Provisional Assessment: to file or not to file

A current press release/bulletin from a reputable costs drafting firm advises receiving parties’ solicitors to inter alia ensure that their correspondence files and attendance notes are in apple pie order as the same must be lodged at court when requesting a provisional assessment.

Sound advice on any reading, the keeping of orderly files, but must a receiving party lodge the correspondence files and attendance notes when requesting a provisional assessment?

All references to ‘PD’ herein are references to the Practice Direction supplementing CPR 47 (which still, at the time of writing, has not found a home on the Justice website).

PD 14.3, relating specifically to provisional assessment under CPR 47.15, provides that:

…when the receiving party files a request for a detailed assessment hearing, that party must file—

(a) the request in Form N258;

(b) the documents set out at paragraphs 8.3 and 13.2 of this Practice Direction;

(c) an additional copy of the bill, including a statement of the costs claimed in respect of the detailed assessment drawn on the assumption that there will not be an oral hearing following the provisional assessment;

(d) the offers made (those marked “without prejudice save as to costs” or made under Part 36 must be contained in a sealed envelope, marked “Part 36 or similar offers”, but not indicating which party or parties have made them);

(e) completed Precedent G (points of dispute and any reply).

The document at PD 8.3 is the paying party’s open offer of settlement (being simply the net product of the paying party’s points of dispute being entirely successful? That’s for another day…), which must accompany it’s points of dispute. The documents at PD 13.2 are:

(a) a copy of the notice of commencement of detailed assessment proceedings;

(b) a copy of the bill of costs;

(c) the document giving the right to detailed assessment;

(d) a copy of the points of dispute, annotated as necessary in order to show which items have been agreed and their value and to show which items remain in dispute and their value;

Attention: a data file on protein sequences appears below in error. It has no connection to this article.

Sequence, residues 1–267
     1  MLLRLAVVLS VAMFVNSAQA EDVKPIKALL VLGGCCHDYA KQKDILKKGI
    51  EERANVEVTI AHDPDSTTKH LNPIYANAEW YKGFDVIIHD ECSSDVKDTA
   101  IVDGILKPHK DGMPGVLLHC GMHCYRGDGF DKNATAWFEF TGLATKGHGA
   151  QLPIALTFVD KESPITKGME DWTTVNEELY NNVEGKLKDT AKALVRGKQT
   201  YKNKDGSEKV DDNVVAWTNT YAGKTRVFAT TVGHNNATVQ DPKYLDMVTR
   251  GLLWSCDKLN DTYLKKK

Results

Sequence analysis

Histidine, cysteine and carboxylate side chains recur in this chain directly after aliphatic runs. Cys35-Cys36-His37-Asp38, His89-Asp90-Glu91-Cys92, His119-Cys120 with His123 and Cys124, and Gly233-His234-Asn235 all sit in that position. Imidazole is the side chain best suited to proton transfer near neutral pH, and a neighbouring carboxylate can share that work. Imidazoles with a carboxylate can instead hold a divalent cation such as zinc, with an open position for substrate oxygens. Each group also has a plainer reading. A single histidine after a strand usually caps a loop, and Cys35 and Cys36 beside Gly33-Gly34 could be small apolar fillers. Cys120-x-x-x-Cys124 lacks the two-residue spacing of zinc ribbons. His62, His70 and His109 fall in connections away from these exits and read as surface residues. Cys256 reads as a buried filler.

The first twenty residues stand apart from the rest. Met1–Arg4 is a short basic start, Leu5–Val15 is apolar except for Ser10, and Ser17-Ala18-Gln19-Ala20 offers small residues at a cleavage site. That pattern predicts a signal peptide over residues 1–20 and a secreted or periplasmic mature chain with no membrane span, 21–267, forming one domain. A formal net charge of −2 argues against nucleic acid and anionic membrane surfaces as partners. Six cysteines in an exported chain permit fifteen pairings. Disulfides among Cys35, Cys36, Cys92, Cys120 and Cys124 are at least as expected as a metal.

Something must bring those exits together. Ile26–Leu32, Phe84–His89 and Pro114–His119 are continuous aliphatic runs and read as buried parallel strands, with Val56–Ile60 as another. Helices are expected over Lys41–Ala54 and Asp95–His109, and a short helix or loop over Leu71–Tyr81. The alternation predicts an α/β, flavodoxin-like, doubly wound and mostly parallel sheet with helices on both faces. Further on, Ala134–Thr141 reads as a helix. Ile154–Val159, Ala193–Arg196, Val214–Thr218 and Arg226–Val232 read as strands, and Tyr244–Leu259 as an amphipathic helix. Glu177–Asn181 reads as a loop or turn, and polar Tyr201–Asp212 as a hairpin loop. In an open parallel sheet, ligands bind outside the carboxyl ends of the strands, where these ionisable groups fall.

(e) as many copies of the points of dispute so annotated as there are persons who have served points of dispute;

(f) a copy of any replies served;

(g) copies of all orders made by the court relating to the costs which are to be assessed;

(h) copies of the fee notes and other written evidence as served on the paying party in accordance with PD 5.2;

(i) where there is a dispute as to the receiving party’s liability to pay costs to the legal representatives who acted for the receiving party, any agreement, letter or other written information provided by the legal representative to the client explaining how the legal representative’s charges are to be calculated;

(j) a statement signed by the receiving party or the legal representative giving the name, address for service, reference and telephone number and fax number, if any, of—

(i) the receiving party;

(ii) the paying party;

(iii) any other person who has served points of dispute or who has given notice to the receiving party under PD 5.5(1)(b);

and giving an estimate of the length of time the detailed assessment hearing will take;

(k) where the application for a detailed assessment hearing is made by a party other than the receiving party, such of the documents set out in this paragraph as are in the possession of that party;

(l) where the court is to assess the costs of an assisted person or LSC funded client or person to whom civil legal services (within the meaning of Part 1 of the Legal Aid, Sentencing and Punishment of Offenders Act 2012) are provided under arrangement made for the purposes of that Part of that Act—

(i) the legal aid certificate, LSC certificate, the certificate recording the determination of the Director of Legal Aid Casework and relevant amendment certificates, any authorities and any certificates of discharge or revocation or withdrawal;

(ii) a certificate, in Precedent F(3) of the Schedule of Costs Precedents;

(iii) if that person has a financial interest in the detailed assessment hearing and wishes to attend, the postal address of that person to which the court will send notice of any hearing;